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Travel industry must ‘rethink’ crisis management in light of Covid-19

Travel industry must ‘rethink’ crisis management in light of Covid-19

Travel industry must ‘rethink’ crisis management in light of Covid-19

Travel firms have been urged to rethink crisis management procedures and adhere to common standards industrywide.

Speaking at Global Travel Week’s Resilience Council Insights session, Jill Sinclair, chief executive of Global Health Assured, said the pandemic had highlighted inconsistencies in crisis management policies and the travel industry’s approach to it.

Sinclair founded Global Health Assured during the pandemic to help deal with some of the issues raised by Covid in destinations. It has developed Covid-19 health protocols to ‘unlock’ travel to destinations worldwide.

She said Covid’s impact as a global pandemic was the reason why “crisis management has to be rethought”.

She said: “At the moment there is lip service paid to it. Travel companies have to relook at crisis management.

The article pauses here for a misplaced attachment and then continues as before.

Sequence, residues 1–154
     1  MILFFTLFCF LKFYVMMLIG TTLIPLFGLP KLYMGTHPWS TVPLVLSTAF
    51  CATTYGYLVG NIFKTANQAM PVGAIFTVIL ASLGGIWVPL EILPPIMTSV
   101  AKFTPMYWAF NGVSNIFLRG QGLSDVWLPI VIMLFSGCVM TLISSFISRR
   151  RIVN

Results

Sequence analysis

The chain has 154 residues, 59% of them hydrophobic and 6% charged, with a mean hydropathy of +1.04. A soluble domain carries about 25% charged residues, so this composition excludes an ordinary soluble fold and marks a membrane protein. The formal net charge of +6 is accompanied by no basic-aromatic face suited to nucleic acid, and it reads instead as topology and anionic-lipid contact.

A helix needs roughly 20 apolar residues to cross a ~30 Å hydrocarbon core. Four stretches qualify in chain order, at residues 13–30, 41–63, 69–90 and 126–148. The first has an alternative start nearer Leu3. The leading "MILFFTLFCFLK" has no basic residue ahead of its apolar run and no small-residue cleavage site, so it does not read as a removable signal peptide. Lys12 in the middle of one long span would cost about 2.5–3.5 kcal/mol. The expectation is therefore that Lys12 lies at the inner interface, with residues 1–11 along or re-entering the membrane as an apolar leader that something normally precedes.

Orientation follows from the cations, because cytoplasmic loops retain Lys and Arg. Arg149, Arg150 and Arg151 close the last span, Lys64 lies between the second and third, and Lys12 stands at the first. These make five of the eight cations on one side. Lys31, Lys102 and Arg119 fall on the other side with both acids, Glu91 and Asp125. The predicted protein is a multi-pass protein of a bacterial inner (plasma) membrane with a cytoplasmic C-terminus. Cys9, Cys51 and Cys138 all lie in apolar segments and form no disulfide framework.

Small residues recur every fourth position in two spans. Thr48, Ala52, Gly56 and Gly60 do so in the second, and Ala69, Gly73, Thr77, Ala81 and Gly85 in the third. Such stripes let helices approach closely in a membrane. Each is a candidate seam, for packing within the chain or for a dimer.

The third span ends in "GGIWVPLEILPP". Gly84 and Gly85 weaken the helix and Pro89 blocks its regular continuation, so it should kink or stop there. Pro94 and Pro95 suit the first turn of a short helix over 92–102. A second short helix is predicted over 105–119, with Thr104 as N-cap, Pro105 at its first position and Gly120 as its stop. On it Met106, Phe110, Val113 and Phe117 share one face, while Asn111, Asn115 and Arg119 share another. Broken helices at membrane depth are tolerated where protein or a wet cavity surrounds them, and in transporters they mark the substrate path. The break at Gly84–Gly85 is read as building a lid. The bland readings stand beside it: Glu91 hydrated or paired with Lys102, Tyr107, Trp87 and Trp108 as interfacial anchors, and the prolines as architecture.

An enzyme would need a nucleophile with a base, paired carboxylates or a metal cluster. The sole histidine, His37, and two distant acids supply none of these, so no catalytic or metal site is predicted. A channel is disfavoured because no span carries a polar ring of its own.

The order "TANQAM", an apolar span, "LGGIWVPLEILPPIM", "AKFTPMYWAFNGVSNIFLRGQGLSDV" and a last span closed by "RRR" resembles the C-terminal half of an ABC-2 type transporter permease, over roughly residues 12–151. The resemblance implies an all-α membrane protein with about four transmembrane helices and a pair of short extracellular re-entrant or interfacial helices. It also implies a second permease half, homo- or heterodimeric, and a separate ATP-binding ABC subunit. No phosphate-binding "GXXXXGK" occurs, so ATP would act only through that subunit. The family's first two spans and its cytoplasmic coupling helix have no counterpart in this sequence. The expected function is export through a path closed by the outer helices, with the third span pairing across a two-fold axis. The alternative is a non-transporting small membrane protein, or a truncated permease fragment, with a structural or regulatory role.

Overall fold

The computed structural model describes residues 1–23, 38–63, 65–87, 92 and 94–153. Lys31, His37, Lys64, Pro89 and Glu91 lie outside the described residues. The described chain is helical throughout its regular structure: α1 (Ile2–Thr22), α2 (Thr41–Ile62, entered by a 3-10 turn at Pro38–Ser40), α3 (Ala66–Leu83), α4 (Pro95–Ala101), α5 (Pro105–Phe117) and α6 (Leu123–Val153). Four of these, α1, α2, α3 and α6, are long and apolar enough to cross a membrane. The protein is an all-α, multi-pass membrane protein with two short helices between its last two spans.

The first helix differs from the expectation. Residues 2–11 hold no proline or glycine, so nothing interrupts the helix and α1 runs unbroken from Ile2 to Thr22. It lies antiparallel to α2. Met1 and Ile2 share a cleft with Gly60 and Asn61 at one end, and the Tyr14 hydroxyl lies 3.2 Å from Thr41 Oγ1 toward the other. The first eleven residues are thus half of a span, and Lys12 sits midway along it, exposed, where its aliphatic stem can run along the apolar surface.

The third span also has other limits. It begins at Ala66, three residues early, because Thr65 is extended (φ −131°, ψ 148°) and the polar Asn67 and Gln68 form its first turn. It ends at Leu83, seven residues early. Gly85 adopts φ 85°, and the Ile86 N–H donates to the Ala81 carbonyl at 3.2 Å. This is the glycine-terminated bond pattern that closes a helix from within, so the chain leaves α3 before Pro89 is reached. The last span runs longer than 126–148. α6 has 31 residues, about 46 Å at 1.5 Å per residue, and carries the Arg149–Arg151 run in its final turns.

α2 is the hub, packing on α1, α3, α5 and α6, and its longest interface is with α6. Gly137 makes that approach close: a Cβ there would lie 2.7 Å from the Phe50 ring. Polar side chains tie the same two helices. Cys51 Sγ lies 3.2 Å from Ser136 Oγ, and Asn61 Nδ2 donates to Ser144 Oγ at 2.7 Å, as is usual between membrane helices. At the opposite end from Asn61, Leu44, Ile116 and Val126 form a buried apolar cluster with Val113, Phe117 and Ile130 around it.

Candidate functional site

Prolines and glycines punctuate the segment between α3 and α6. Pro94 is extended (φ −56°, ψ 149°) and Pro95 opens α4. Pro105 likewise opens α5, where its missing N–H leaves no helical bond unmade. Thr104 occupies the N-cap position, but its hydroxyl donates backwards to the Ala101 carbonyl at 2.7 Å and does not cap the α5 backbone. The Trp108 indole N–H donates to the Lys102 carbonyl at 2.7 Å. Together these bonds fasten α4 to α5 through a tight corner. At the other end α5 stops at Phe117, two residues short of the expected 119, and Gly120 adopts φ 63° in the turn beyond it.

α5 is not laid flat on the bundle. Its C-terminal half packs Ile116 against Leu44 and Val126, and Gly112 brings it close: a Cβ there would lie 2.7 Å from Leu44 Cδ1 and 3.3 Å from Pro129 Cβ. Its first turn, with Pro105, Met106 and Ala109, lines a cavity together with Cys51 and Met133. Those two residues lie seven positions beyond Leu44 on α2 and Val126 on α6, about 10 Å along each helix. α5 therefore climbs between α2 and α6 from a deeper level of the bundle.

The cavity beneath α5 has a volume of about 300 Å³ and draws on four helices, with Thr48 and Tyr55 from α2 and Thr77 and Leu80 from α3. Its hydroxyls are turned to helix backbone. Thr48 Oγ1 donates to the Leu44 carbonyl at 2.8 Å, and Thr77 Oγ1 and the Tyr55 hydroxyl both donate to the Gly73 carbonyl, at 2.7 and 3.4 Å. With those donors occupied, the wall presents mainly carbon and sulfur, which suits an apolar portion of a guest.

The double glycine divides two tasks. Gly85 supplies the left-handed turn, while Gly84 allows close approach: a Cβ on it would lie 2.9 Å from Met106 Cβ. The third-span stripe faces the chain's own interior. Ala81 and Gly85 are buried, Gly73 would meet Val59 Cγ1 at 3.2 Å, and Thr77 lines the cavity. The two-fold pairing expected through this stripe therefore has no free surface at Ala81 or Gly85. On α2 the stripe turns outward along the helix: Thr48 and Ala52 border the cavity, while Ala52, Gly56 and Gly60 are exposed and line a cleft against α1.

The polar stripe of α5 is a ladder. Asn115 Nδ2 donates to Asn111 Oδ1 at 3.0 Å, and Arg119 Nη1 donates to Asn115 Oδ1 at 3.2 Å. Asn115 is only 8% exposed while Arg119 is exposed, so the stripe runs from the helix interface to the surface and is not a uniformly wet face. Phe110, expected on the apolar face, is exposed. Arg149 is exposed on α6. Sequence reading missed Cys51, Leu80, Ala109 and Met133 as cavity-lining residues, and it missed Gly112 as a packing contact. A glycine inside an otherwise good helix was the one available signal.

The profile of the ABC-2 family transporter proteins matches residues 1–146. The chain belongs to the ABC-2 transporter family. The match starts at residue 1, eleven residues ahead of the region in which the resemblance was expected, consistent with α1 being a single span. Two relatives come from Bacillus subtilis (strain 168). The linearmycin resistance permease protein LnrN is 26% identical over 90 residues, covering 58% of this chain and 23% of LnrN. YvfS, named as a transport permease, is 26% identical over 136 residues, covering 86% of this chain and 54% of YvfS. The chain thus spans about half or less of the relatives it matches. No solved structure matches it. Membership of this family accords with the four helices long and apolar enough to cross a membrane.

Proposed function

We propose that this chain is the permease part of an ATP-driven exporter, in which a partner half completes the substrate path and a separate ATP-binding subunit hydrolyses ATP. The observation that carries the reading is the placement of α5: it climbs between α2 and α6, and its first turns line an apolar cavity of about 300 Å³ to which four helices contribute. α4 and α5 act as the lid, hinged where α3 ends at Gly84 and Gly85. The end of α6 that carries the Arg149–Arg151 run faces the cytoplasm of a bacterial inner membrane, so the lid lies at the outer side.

“The Global Travel & Tourism Resilience Council is getting together to look at protocols; never before have we had to look at this. What we are trying to do is collaborate; we should have a new standard.”

Larger companies with more resources, protocols and management had shown themselves to be able to ‘fufil and deliver’ high standards of crisis management during Covid, she said. She held Silversea Cruises out as an example for its “superb protocols”.

“Where you got resources and experience, the crisis tends to be managed much better. There is containment and protocols,” she said.

Part of the problem has been the lack of common standards, she said.

She said: “There are huge amounts of inconsistencies across government and hospitality because in many ways we don’t have a unified body. I don’t think there is enough harmony across standards.

“It comes back to governments and world health organisations working together. It’s caused so many issues around how businesses can plan.”

Communicating the protocols in the right way so that customers understood them was also critical, she said.